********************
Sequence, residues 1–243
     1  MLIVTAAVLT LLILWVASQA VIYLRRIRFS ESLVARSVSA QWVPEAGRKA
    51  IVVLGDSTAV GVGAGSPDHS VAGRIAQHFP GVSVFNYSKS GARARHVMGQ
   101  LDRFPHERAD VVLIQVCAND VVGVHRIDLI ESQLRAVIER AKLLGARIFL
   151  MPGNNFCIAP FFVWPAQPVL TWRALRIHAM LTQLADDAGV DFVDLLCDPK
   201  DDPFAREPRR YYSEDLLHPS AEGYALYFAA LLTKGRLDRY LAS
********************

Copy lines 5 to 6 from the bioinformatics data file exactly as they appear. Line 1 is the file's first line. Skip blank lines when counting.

   151  MPGNNFCIAP FFVWPAQPVL TWRALRIHAM LTQLADDAGV DFVDLLCDPK
   201  DDPFAREPRR YYSEDLLHPS AEGYALYFAA LLTKGRLDRY LAS